I admit that I watch too much sports. My time could probably be better spent with constructive activity, but I still tend to veg out a little.
For example, I recently watched some of the Tour de France. Not an active cyclist, still, I got a little mesmerized by the scenery of the French Alps, the sheer number of fans who lined the city streets and the rural roads and the athletic ability of the cyclists.
And then there were the crashes.
I watched more than a few crashes that were caused by the biker avoiding a crash. The cyclist is steaming along, comes up on another cyclist who is slowing down. He moves over to pass and crashes into another cyclist coming on his flank. He dodged once crash and created another one.
Our industry recently dodged a regulatory oversight bullet, but the Federales have two more bullets in the chambers.
Dodge one bullet
The auto industry has apparently dodged the over-bearing consumer financial services oversight bill. Thanks to the efforts of many, dealers are exempted from the new regulatory agency created by legislation to have an agency to watch the Wall Street wizards to make sure America is not put through another crisis like the recent one.
Still in the crosshairs
Unfortunately, 2011 is going to bring further regulation, further disclosures and more forms for the ever expanding file folder.
As of the end of the year, dealers should be giving and retaining a copy of a remodeled privacy notice and a new risk-based pricing notice.
Remodeled privacy notice
As a result of the Financial Services Regulatory Relief Act of 2006, the Federal Trade Commission (FTC) and the federal banking agencies were required to develop an optional model form which also serves as safe harbor for the dealers.
The law’s purpose is to have a more understandable privacy notice so consumers can more easily compare the privacy policies of different dealers.
So, these agencies took a simple half page, few paragraph form that consumers don’t read and throw away anyway and created a two-sided behemoth. This new and improved form will require a dealership to answer a number of questions about its privacy policies so consumers can compare your privacy policies to other dealers while shopping for a vehicle.
Too late to cry foul now. The rule is upon us and dealers must start using the new form by the end of the year to continue to be protected by the safe harbor language.
New risk-based pricing notice
This next new requirement is even more baffling. The Federal Reserve Board (FRB) and the FTC released the Risk-Based Pricing Rule to the industry in December 2009 as the last major dealer requirement under the FACT Act of 2003.
My question: If this rule was so important to include in the major overhaul of the Fair Credit Reporting Act (FCRA) in 2003, why did it take nine years to get a ruling from the Federales on how to comply with the law?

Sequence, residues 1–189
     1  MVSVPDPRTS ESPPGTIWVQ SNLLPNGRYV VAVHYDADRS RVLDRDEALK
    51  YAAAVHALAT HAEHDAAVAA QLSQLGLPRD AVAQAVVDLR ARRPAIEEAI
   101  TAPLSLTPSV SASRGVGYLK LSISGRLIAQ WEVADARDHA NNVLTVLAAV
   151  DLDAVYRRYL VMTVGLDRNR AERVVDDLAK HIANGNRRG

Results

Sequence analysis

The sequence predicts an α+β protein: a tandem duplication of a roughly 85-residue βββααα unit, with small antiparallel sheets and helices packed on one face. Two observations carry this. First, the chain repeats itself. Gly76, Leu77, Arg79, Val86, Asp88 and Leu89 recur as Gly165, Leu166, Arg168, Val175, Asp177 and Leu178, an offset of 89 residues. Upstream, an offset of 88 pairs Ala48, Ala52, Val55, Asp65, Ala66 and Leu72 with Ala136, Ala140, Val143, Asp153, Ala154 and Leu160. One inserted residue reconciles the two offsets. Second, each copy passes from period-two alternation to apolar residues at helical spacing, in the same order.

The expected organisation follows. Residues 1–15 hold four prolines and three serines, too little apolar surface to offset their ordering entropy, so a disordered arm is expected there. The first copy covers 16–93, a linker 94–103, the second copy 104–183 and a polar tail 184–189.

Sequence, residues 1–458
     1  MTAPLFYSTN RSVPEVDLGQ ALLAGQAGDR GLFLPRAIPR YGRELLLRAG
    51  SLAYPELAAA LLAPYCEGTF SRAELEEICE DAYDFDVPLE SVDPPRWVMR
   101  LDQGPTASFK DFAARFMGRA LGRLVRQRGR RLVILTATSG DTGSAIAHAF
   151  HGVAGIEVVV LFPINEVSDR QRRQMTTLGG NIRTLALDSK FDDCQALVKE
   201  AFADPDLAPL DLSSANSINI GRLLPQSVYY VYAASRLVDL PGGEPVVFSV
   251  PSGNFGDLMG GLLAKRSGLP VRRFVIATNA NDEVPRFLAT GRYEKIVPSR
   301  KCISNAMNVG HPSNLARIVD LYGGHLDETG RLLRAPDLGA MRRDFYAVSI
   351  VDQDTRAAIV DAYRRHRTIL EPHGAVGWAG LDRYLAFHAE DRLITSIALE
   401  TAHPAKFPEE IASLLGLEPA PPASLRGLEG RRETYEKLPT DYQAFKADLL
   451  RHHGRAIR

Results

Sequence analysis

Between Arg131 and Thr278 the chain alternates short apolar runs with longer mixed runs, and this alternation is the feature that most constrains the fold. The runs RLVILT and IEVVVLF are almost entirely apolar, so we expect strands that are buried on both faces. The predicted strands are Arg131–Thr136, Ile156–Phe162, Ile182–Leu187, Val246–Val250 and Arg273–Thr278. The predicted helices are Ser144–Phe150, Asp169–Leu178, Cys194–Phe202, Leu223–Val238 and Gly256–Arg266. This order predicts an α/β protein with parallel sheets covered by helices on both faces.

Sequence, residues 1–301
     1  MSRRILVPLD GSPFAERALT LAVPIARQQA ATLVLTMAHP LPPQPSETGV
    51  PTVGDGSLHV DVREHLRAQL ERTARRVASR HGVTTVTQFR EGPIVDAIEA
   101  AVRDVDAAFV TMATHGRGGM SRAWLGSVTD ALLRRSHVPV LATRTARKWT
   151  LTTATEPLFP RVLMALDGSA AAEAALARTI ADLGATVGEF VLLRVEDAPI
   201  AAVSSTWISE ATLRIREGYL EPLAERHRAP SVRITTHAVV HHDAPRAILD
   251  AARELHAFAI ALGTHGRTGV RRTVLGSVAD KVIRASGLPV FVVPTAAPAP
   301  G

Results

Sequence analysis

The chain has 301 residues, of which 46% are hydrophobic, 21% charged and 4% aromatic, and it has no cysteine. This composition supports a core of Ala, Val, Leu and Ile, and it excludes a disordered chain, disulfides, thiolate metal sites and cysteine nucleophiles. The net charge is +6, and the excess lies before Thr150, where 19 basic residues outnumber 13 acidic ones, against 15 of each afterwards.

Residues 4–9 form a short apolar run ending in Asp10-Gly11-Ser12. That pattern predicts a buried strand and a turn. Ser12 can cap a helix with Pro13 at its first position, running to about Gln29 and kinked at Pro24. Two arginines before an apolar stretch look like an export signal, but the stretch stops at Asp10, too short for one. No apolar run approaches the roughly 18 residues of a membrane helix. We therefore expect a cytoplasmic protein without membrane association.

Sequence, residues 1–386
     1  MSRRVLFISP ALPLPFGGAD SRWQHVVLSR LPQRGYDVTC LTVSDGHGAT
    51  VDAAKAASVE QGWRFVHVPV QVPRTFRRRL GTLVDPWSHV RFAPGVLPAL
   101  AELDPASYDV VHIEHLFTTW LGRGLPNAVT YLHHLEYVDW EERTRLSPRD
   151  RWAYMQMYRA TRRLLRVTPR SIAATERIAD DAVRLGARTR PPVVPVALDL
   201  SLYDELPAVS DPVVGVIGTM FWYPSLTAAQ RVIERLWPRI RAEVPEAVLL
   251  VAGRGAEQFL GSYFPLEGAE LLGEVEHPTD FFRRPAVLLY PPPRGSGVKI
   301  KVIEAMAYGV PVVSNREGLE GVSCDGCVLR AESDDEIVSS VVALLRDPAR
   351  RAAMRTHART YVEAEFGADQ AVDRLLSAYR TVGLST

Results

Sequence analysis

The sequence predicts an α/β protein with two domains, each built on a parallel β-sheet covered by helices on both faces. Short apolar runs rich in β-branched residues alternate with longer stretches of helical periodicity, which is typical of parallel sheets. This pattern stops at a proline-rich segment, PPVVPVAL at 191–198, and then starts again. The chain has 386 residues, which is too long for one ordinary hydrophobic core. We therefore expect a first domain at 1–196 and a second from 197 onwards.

But I digress.
This Rule takes effect on January 1, 2011, one day after the remodeled privacy notice deadline.
The Rule’s intent is to improve the accuracy of credit reports by alerting consumers whose request for credit is approved or conditioned on less favorable terms than other consumers.
The Rule’s requirement is to provide a Risk-Based Pricing Notice (RBPN) to consumers to whom the credit approval or condition is on “material terms that are materially less favorable than the most favorable terms available to a substantial proportion of consumers from and through that person (dealer).”
Good luck! Please define material, favorable and substantial proportion.
So, according to the Rule, you have to figure out the substantial proportion of your financed sales that receive more favorable material terms and then give a piece of paper to the remaining segment of your consumers while singing the “Na Na Hey Hey” song?
Fortunately, NADA was able to secure an option so that dealers can provide all of its customers with an Exception Notice instead of the RBPN. This notice is similar to the one already in play in California and is much easier to complete. It is probably the notice that most dealers will be using to comply with the new Rule.
This notice requires a disclosure of the consumer’s credit score to all consumers who apply for credit. It must also include the range of possible credit scores and either a bar graph or a statement telling the consumer where his or her credit score ranks percentage wise with the credit scores of all U.S. consumers.
Adverse action supplement
The Risk-Based Pricing Rule is also meant to supplement the adverse action requirement contained within the FCRA.
Now, that’s great news. Dealers are being frivolously sued seemingly every week for not sending an adverse action notice. Now the dark side has a new allegation to supplement its adverse action complaints against dealers.
Through the implementation of the Risk-Based Pricing Rule, FRB and the FTC further cemented the notion that dealers are the initial creditors in a typical dealer-assisted financing process as the reason for declining a request for dealer exemption to the Rule.
Call to action
Call your forms providers, credit reporting agencies and DMS programmers and get everything lined up. When the ball drops at midnight in Times Square, your file folders will start getting a little thicker.